• 6. Invasion by South American P. falciparum IsolatesFigure 4. Presence and prevalence of EBL polymorphisms in field isolates from Peru, Colombia and Brazil. (A) Variants of EBA-181protein were defined according the amino acid substitutions at five positions. The percentage of field isolates from Colombia, Peru and Brazil ´m(combination of samples from Bele and Mato Grosso) with each of the variants is shown. (B) Amino acid substitutions at eight positions were usedto categorize the EBA-175 variants. (C) Variants of ebl-1 gene were defined according to the absence (WT, wild type) or presence of 5 thymidinesinsertion at position 572 (5 T’s), and the absence of the gene after nested PCR amplification (deletion).a Number of parasites containing the variant ineach area of study is shown in parenthesis. bAmino position according to the reference sequence is shown. EBA-181 (GenBank accession no.AY496955; 3D7), EBA-175 (GenBank accession no. FJ655429; 3D7) and EBL-1 (GenBank accession no. AF131999; Dd2). Shaded residues differ from thestrain reference sequence.cCode used in bar graphs and text. dThe RBC binding profile reported per each EBA-181 variant is shown [14].Neuraminidase (N), trypsin (T), chymotrypsin (C), sensitive (s) and resistant (r).e Sequence alignment of nucleotides 564–584 of the ebl-1 gene isshown.doi:10.1371/journal.pone.0047913.g004followed by 16(QN) repeats based on the sequence of the HB3 (KKEEELRKK). Five haplotypes of PfRh2a were found; four ofreference strain. The number of these two dipeptide repeats which are similar to laboratory strains (Figure 5B). The mostdiffered among the isolates, resulting in four to ten amino acids common haplotype was the HB3-like (22/40), followed by thedeletion. We found seven PfRh1 variants in the field isolates from 3D7-like (9/40). Two isolates from Brazil, and the ColombianColombia, Peru and Brazil, coded according to the number of FCB-2 laboratory strain, were similar to the Brazilian 7G8amino acid deleted (Figures 5A). Two novel variants with eight laboratory strain haplotype. Notably, a new haplotype was foundamino acid deletions (coded 8D and 8D*) were found in two in one of the Colombian field isolates. The majority of isolates (31/Colombian isolates each. The majority of the isolates (16/42) had 40) from South America contained the 50 amino acid deletion ata variant reported in Dd2 and 3D7 (coded 10D, 10 aa deletion). position 2803 in contrast to 1/17 of Senegalese isolates [45]. TheParasites with 10 aa deletion in PfRh1 were the most common in peptide variants defined as pepA, pepB and pepC had differentPeru (7/16, variant 10D or 10D*). The variants 6D (5/20) and 4D distribution in isolates from Colombia, Peru and Brazil (Figure 5B).(4/20) were found exclusively in Brazil, while variant 6D* was The majority of parasites (25/40) from the three countriesfound in Peru (2/16) and Brazil (2/20). The HB3-like variant (no contained the polymorphic region identified as pepA, 4/6 inaa deletion) was not found in any of the field isolates from South Colombia, 8/16 in Peru and 13/19 in Brazil. The pepC variantAmerica, except in the Colombian FCB-2 laboratory strain. was found in 9/40; 6 Peruvian, 2 Colombian and one isolate from The polymorphisms in the PfRh2a and PfRh2b related proteins Belem, Brazil. In contrast, pepB was found in five isolates from ´[32] were performed for the repeat and 39 unique regions of Mato Grosso, Brazil and only in one Peruvian isolate. InPfRh2a (aa 2379 to 3117) and PfRh2b (aa 2379 to 3141). The comparison, among Senegalese field isolates only pepA and pepChaplotypes in PfRh2a were defined according to an amino acid variants were reported [45].substitution at position 2548 (D2548A), a 15 amino acid deletion Haplotypes in PfRh2b were defined according to amino acidstarting at position 2699, a 50 amino acid deletion starting at substitutions at positions 2547 (A2547D) and 2635 (K2635E), a 52position 2803 and the sequence at aa 2734–2741 (Figure 5B), amino acid deletion starting at position 2715 and the nine aminowhich is within the PfRh2a peptide sequence (peptide 26835 in acid peptide sequence at position 2769–2777. Two peptide3D7, LEREKQEQLQKEEELKRQEQY) shown to bind to variants were found; pepB (QKEEELKRQ), similar to Dd2, andRBCs [55]. Three peptide variants were identified, which were pepC* (QKEEELRKK), similar to the variant found in 3D7 andnamed pepA (KK-EALKKQ), pepB (QKEEELKRQ) or pepC related to pepC present in PfRh2a. Analysis of the PfRh2bPLOS ONE | www.plosone.org 6 October 2012 | Volume 7 | Issue 10 | e47913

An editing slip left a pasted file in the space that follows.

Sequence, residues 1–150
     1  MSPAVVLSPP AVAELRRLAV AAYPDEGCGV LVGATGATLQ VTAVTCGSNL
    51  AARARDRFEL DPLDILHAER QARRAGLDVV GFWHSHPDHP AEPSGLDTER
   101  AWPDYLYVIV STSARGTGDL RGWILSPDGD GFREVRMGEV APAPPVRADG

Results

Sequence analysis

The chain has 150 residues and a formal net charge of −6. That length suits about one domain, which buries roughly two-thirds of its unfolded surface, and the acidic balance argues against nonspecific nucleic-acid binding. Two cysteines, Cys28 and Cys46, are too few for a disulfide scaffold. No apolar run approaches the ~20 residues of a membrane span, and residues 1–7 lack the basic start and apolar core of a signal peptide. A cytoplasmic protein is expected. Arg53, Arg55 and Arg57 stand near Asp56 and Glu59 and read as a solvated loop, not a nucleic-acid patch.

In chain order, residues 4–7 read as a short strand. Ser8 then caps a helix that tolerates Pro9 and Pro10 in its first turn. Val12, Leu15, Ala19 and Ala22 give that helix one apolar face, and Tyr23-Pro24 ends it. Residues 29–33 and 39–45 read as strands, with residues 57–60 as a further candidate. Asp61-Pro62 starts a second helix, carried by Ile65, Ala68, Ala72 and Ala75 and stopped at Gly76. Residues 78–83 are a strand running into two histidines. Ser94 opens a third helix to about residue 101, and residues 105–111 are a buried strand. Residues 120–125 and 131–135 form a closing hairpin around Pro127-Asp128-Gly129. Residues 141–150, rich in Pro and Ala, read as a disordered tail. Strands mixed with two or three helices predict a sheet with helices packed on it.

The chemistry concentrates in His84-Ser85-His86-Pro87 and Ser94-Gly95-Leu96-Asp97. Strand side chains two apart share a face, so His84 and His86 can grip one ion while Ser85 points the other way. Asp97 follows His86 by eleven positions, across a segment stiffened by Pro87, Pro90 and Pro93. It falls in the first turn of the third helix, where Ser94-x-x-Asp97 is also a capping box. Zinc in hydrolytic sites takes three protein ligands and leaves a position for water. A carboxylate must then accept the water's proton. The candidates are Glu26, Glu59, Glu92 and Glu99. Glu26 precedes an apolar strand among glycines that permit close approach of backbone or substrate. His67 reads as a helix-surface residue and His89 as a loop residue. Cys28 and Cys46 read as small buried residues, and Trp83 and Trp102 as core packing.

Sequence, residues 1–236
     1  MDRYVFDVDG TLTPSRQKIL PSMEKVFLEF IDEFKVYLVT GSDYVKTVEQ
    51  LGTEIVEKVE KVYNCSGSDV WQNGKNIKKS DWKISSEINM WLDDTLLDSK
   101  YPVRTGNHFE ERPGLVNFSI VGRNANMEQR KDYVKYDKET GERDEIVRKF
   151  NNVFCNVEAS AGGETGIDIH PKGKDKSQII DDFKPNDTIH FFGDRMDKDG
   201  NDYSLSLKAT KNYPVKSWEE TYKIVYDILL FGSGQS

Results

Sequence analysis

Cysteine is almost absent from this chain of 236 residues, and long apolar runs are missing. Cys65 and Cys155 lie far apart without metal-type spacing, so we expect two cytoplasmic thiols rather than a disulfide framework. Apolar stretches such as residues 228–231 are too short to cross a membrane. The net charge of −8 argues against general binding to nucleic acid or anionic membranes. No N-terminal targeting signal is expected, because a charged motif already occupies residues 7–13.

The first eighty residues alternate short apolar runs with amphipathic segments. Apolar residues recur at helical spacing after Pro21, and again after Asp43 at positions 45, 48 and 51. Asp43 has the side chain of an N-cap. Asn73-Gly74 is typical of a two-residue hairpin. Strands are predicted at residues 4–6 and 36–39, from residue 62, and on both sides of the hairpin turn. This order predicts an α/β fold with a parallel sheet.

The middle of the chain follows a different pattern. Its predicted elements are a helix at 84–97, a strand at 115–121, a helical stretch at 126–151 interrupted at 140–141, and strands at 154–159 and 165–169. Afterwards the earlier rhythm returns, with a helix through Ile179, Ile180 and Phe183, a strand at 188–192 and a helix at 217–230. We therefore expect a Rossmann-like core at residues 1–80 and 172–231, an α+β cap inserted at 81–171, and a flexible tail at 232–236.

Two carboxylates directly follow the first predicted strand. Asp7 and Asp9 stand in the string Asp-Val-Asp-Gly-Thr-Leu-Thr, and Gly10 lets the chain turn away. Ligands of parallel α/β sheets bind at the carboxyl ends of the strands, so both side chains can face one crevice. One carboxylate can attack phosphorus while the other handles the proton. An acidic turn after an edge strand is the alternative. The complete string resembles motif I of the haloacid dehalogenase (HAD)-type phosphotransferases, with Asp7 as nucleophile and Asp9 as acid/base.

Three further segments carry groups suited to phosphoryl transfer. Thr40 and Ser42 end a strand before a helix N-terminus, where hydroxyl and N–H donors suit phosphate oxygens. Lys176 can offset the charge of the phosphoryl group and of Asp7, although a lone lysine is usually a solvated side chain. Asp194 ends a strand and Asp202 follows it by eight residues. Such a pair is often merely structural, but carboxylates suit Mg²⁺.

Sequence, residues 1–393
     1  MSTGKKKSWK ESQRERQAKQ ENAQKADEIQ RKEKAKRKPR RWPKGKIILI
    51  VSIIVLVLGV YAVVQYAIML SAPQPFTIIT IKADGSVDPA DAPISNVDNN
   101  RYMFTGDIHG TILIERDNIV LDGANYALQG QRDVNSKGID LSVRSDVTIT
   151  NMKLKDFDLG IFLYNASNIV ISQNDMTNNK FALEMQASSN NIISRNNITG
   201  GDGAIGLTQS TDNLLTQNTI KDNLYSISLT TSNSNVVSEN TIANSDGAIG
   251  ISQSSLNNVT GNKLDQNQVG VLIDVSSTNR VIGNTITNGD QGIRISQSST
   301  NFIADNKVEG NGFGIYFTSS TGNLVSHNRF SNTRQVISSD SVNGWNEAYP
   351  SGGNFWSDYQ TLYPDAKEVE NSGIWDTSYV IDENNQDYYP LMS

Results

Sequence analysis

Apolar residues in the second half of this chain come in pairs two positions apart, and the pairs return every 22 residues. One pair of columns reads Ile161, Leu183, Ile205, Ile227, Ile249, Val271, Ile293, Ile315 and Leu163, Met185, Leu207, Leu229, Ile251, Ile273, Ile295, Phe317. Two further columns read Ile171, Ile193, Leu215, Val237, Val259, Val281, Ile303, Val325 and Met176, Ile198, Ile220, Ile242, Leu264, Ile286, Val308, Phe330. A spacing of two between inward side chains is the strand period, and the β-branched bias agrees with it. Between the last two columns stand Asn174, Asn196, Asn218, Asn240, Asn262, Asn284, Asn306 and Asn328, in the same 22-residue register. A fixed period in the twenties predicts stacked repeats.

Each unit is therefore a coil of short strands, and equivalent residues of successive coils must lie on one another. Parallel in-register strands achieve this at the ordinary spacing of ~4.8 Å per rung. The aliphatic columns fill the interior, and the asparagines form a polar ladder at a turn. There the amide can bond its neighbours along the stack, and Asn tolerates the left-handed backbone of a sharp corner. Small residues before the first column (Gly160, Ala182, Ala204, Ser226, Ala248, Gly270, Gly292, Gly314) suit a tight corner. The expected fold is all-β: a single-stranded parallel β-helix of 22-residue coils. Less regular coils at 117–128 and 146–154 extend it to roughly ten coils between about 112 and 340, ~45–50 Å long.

• 7. Invasion by South American P. falciparum IsolatesFigure 5. Presence and prevalence of PfRh1, PfRh2a and PfRh2b polymorphisms in field isolates from Peru, Colombia and Brazil. (A)Variants of PfRh1 were defined by the number of HN and QN repeats and amino acids deletion. The percentage of field isolates from Colombia, Peru ´mand Brazil (combination of samples from Bele and Mato Grosso) with each of the variants is shown. (B) Haplotypes in PfRh2a were definedaccording to amino acid deletion (15 aa and 50 aa deletion) and the peptide sequence at position 2734–2741. (C) Variants of PfRh2b were definedaccording to amino acid deletion (52 aa) and the peptide sequence at position 2769–2777. aNumber of parasites containing the variant in each areaof study is shown in parenthesis. bAmino position according to the reference sequence is shown. PfRh1 (GenBank accession no AF411930; HB3),PfRh2a (GenBank accession no. AY138497; 7G8) and PfRh2b (GenBank accession no. AY138500; 3D7). Shaded residues differ from the strain referencesequence.cCode used in graphs and text. dDel: deletion.doi:10.1371/journal.pone.0047913.g005sequences in the South American isolates revealed five haplotypes and Brazil (8%) [52]. In our study, this deletion was observed in(Figure 5C). Four are similar to those already found in laboratory only 8/40 field isolates (20%); one from Colombia (17%) andstrains and one variant is similar to the novel variant found in the seven from Peru (44%). In contrast, all isolates from Brazil (MatoGVM field isolate from Mato Grosso, Brazil [44]. The most Grosso and Belem), and the six laboratory strains from diverse ´common haplotype was the GVM-like (11/38), followed by the geographical locations, which we analyzed, contained the full-3D7-like (9/38) and the HB3-like (7/38), none of which were length sequence of PfRh2b.described previously in Mato Grosso isolates [44]. Only 13% of ThePfRh4 protein (1716 amino acids in the 3D7), contain twothe isolates from Peru contained a 52 amino acid sequence repeat regions; at amino acids 1494–1543 [H(T/A)NE(K/deletion found in Dd2; similar to what was reported in the isolates N)NI(N/Y)(N/Y)E65] within the extracellular domain and atfrom Senegal [45]. In contrast, this deletion was found in 50% of amino acids 1686–1712 [(D/N/V)E613] within the cytoplasmicthe Colombian isolates and 56% of the Brazilian. The pepC* domain [34]. Analysis of these sequences in our field isolates showvariant was the most frequent (31/38) in all three South American five variants according to the number of copies and modificationscountries (Figure 5F). Parasites with PfRh2b pepC* variant can be of the tetrapeptide repeat DEVE (aa 1686–1697) and an aminodivided into two groups; with or without the 52 aa deletion 59 to acid substitution at position 1482 (K/R). Two variants were 3D7-the peptide. Notably, parasites containing the pepC* variant like or 7G8/Dd2/W2mef-like and none were HB3-likewithout the deletion were more common in Peru (14/16), while (Figure 6A). Two other variants (coded 1 and coded 1+1) werepepC* plus the deletion (GVM-like) variant was more common in similar to those already reported in the field isolates from MatoMato Grosso (7/14). The pepB variant was present in six Brazilian Grosso [44]. The fifth variant is new and found in only the three(two from Belem and four from Mato Grosso) and only one ´ Peruvian Padre Cocha isolates thought to be of Brazilian originPeruvian isolate. because of direct evidence of importation. This variant contains A large deletion of 585-bp in the PfRh2b unique region one DEVE repeat followed by a modified tetrapeptide DEDEdownstream of the repetitive region starting at amino acid position followed by NENE (code 1+2). Notably, the South American2941 was reported in the T996 laboratory strain from Thailand variants had a novel polymorphic region in the PfRh4 sequence; a[56] and in 64–68% of field isolates from Senegal [45,46]. This 10 aa insertion (HTNENNINNE) starting at position 1501 thatdeletion was also reported to be highly frequent in other four sites; was present in ten isolates (four from Peru, one from Belem and ´Senegal (63–72%), Tanzania (87%), Malaysia (84%) and Malawi five from Mato Grosso). Parasites with Dd2/7G8/FCB-2-like(58%). However, its presence was less frequent in Thailand (10%) variant containing two DEVE repeats (code 2) were the mostPLOS ONE | www.plosone.org 7 October 2012 | Volume 7 | Issue 10 | e47913